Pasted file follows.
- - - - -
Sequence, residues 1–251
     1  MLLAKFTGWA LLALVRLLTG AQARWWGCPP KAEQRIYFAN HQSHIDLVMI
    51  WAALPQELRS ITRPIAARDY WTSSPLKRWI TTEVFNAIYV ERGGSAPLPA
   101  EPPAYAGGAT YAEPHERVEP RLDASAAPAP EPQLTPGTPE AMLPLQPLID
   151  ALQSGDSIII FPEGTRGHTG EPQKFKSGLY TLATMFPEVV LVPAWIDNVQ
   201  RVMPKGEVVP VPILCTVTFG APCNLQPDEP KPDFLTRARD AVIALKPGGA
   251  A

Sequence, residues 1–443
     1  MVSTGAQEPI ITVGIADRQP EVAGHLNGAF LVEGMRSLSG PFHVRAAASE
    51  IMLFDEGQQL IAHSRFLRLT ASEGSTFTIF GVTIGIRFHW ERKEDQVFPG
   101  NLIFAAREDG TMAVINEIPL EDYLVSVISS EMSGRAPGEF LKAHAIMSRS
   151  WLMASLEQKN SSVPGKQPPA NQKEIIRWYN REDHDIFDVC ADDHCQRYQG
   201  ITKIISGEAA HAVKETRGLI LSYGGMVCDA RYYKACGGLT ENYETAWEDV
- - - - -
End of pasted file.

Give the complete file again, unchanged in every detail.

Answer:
Sequence, residues 1–251
     1  MLLAKFTGWA LLALVRLLTG AQARWWGCPP KAEQRIYFAN HQSHIDLVMI
    51  WAALPQELRS ITRPIAARDY WTSSPLKRWI TTEVFNAIYV ERGGSAPLPA
   101  EPPAYAGGAT YAEPHERVEP RLDASAAPAP EPQLTPGTPE AMLPLQPLID
   151  ALQSGDSIII FPEGTRGHTG EPQKFKSGLY TLATMFPEVV LVPAWIDNVQ
   201  RVMPKGEVVP VPILCTVTFG APCNLQPDEP KPDFLTRARD AVIALKPGGA
   251  A

Sequence, residues 1–443
     1  MVSTGAQEPI ITVGIADRQP EVAGHLNGAF LVEGMRSLSG PFHVRAAASE
    51  IMLFDEGQQL IAHSRFLRLT ASEGSTFTIF GVTIGIRFHW ERKEDQVFPG
   101  NLIFAAREDG TMAVINEIPL EDYLVSVISS EMSGRAPGEF LKAHAIMSRS
   151  WLMASLEQKN SSVPGKQPPA NQKEIIRWYN REDHDIFDVC ADDHCQRYQG
   201  ITKIISGEAA HAVKETRGLI LSYGGMVCDA RYYKACGGLT ENYETAWEDV